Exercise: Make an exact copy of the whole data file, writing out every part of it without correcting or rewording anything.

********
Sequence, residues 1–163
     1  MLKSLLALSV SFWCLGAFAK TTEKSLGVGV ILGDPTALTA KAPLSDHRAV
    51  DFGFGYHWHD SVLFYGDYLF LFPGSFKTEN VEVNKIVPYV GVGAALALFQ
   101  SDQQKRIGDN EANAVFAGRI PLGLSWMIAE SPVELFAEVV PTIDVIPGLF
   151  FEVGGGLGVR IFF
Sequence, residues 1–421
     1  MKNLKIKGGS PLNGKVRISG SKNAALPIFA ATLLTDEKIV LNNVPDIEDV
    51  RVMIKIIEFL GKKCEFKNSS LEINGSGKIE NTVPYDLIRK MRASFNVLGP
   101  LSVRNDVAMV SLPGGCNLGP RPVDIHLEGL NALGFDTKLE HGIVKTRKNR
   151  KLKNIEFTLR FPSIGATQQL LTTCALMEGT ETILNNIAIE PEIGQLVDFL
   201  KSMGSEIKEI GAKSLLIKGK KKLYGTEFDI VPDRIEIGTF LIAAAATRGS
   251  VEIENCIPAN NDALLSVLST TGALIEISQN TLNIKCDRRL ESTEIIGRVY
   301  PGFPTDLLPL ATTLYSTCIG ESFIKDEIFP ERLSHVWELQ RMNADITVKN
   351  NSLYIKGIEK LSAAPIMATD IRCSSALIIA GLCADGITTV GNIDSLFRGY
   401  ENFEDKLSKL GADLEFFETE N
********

Sequence, residues 1–163
     1  MLKSLLALSV SFWCLGAFAK TTEKSLGVGV ILGDPTALTA KAPLSDHRAV
    51  DFGFGYHWHD SVLFYGDYLF LFPGSFKTEN VEVNKIVPYV GVGAALALFQ
   101  SDQQKRIGDN EANAVFAGRI PLGLSWMIAE SPVELFAEVV PTIDVIPGLF
   151  FEVGGGLGVR IFF
Sequence, residues 1–421
     1  MKNLKIKGGS PLNGKVRISG SKNAALPIFA ATLLTDEKIV LNNVPDIEDV
    51  RVMIKIIEFL GKKCEFKNSS LEINGSGKIE NTVPYDLIRK MRASFNVLGP
   101  LSVRNDVAMV SLPGGCNLGP RPVDIHLEGL NALGFDTKLE HGIVKTRKNR
   151  KLKNIEFTLR FPSIGATQQL LTTCALMEGT ETILNNIAIE PEIGQLVDFL
   201  KSMGSEIKEI GAKSLLIKGK KKLYGTEFDI VPDRIEIGTF LIAAAATRGS
   251  VEIENCIPAN NDALLSVLST TGALIEISQN TLNIKCDRRL ESTEIIGRVY
   301  PGFPTDLLPL ATTLYSTCIG ESFIKDEIFP ERLSHVWELQ RMNADITVKN
   351  NSLYIKGIEK LSAAPIMATD IRCSSALIIA GLCADGITTV GNIDSLFRGY
   401  ENFEDKLSKL GADLEFFETE N